The book starts the usual way with the idea that Torah is an ancient document. This seems like something so simple and obvious, but it is easily missed. Too many times, we take the text and then thrust it into our modern context and assume the writers of the Old Testament were writing from the same cultural context that we are.

What is important in understanding any ancient work is not just what is said, but the world in which it is said. The background knowledge of the text makes all the difference. There are some things my wife and I can say to each other that will make each of us laugh that you are not likely to understand as an outsider. The reason is the simple word or words bring out memories that are funny based on our background knowledge.

Getting into the meat of the matter, the first major section is that the law codes are not legislation. If we took just one law in America in all of its fullness, it could very well be longer than the Torah itself. We cover every possible rule and scenario we can think of. Not so in the ancient world. It was more guidelines there. It could be seen as wisdom literature. One scenario I was surprised was not mentioned at this point was Solomon. Solomon wanted to know how to rule over the people. He never figured, “I have the Law so I have everything that I need.” No. He asked for wisdom and in his famous scenario of the two prostitutes and the baby, that wisdom won the day.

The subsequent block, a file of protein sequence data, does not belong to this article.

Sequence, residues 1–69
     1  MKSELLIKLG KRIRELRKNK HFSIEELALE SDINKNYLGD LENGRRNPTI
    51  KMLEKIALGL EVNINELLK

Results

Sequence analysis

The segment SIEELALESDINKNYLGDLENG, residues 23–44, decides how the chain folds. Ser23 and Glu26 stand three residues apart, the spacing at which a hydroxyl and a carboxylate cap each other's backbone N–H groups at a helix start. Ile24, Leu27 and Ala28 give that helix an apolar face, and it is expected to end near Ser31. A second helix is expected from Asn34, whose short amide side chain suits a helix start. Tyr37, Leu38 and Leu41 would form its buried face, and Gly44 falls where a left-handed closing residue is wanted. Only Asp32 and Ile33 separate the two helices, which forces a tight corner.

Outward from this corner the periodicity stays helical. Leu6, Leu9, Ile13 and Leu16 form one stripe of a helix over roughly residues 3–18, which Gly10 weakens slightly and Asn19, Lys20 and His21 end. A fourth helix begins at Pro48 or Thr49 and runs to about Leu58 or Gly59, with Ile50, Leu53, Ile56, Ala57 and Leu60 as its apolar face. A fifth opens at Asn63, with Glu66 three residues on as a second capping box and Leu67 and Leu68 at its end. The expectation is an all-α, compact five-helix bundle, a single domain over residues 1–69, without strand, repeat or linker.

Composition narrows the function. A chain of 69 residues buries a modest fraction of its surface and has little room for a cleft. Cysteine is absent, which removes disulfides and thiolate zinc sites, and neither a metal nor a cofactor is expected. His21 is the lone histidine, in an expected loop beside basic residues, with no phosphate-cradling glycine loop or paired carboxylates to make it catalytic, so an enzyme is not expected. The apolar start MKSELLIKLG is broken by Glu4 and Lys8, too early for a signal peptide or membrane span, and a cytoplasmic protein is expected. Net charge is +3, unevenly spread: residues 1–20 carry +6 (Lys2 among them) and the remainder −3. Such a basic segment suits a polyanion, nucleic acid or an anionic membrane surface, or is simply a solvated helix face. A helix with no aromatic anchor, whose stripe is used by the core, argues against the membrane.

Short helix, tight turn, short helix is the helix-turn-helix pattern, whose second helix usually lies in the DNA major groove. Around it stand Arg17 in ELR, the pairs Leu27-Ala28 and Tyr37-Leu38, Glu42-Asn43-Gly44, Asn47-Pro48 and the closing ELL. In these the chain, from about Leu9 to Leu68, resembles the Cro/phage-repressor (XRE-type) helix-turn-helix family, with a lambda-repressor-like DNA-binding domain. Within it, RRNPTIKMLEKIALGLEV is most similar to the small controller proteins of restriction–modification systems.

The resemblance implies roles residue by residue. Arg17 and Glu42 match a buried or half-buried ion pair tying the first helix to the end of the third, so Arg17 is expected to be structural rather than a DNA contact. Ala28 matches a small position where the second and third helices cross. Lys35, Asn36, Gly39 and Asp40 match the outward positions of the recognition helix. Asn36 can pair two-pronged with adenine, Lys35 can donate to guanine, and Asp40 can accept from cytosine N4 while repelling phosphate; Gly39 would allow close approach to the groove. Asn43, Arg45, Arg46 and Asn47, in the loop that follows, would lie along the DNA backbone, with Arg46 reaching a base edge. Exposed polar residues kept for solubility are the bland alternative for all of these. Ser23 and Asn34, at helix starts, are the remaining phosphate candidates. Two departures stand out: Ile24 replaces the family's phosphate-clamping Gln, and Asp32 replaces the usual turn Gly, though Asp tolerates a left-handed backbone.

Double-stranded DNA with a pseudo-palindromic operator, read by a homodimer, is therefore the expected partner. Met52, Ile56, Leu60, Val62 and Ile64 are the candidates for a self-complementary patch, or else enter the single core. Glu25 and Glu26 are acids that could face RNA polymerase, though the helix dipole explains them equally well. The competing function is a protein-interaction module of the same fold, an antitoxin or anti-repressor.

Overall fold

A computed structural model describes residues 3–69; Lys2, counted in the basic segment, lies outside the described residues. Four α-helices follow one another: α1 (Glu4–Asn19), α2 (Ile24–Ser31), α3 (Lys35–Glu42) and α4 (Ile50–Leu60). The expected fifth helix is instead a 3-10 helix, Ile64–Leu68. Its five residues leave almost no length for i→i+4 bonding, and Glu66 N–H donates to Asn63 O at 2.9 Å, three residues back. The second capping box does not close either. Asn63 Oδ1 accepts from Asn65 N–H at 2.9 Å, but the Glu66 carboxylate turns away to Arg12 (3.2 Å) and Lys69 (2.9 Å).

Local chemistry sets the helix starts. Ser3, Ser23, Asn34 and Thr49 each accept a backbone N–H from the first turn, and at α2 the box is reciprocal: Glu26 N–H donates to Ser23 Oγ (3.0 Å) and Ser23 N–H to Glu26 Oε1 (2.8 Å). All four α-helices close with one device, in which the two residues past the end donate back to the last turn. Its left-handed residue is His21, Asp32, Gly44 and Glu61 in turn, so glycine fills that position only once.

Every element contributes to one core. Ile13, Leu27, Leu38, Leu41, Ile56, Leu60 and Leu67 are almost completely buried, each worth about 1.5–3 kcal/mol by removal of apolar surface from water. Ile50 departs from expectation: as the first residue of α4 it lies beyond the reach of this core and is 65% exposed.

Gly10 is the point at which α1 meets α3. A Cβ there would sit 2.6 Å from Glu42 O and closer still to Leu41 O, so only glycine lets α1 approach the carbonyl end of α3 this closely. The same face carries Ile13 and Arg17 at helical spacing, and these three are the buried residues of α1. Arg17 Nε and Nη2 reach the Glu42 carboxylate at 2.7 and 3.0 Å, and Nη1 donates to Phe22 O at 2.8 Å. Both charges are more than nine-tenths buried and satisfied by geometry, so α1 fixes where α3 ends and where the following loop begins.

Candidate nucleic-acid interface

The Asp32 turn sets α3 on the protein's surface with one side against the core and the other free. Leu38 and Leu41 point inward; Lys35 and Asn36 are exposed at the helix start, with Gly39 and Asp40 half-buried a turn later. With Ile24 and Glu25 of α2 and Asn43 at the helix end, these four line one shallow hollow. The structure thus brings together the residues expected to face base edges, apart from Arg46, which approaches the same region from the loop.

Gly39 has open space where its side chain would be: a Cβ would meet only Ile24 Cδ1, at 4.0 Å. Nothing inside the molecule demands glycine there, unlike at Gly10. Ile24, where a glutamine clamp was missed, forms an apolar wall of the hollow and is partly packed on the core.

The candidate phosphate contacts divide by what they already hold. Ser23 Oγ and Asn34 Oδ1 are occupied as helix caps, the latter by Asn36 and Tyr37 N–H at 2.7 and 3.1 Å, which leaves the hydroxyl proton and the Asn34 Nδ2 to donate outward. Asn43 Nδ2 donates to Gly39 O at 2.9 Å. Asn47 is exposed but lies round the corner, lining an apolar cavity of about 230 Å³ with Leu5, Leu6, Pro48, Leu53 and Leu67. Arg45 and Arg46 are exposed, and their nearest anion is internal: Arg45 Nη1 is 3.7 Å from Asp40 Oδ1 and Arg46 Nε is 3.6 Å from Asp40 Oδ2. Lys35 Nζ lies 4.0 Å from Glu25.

The next is that other cultures had rituals serving to meet the needs of the gods. The gods needed food and everything else and man was meant to supply them in exchange for blessings from the gods. Not so with YHWH who needed nothing. Israel was chosen for entirely different reasons.

Instead, Israel was chosen and rituals were done to maintain covenant order, which is the next major point. We should read the Law as a covenant. In this, the recipients of the covenant would swear loyalty to the sovereign and in exchange, the sovereign would give them blessings. Covenant is so huge in understanding the Law that we will go wrong if we do not see it that way. If we see it as just a random set of rules to be followed, we miss the point.

From there, we get to the ongoing usage. For one thing, the New Testament quotations of the Law do not show how it was necessarily understood by its first recipients. The purpose of the Law was also not to provide salvation. It also should not be divided into different kinds of law such as ceremonial and cultic. Most challenging today perhaps is that we should not go and get prooftexts to settle moral disputes today. We should read it as it was written.

There is also a very helpful section at the end dealing with the Ten Commandments. It’s a quite thorough look that can actually deal with many atheistic statements about the Ten Commandments one encounters today. The Waltons show how the Ten Commandments fit into a covenant system.

I thought it would have been helpful to have more examples of how the Torah should be read. Perhaps take a section and show how we read it today and then give an explanation from there on how they would have understood it. There is much in the book that will be debated and I can’t say I’m entirely sold on it yet, but there is certainly a lot of food for thought to consider.

In Christ,
Nick Peters

Deeper Waters Podcast 10/21/2017: John Walton

What’s coming up this Saturday? Let’s plunge into the Deeper Waters and find out.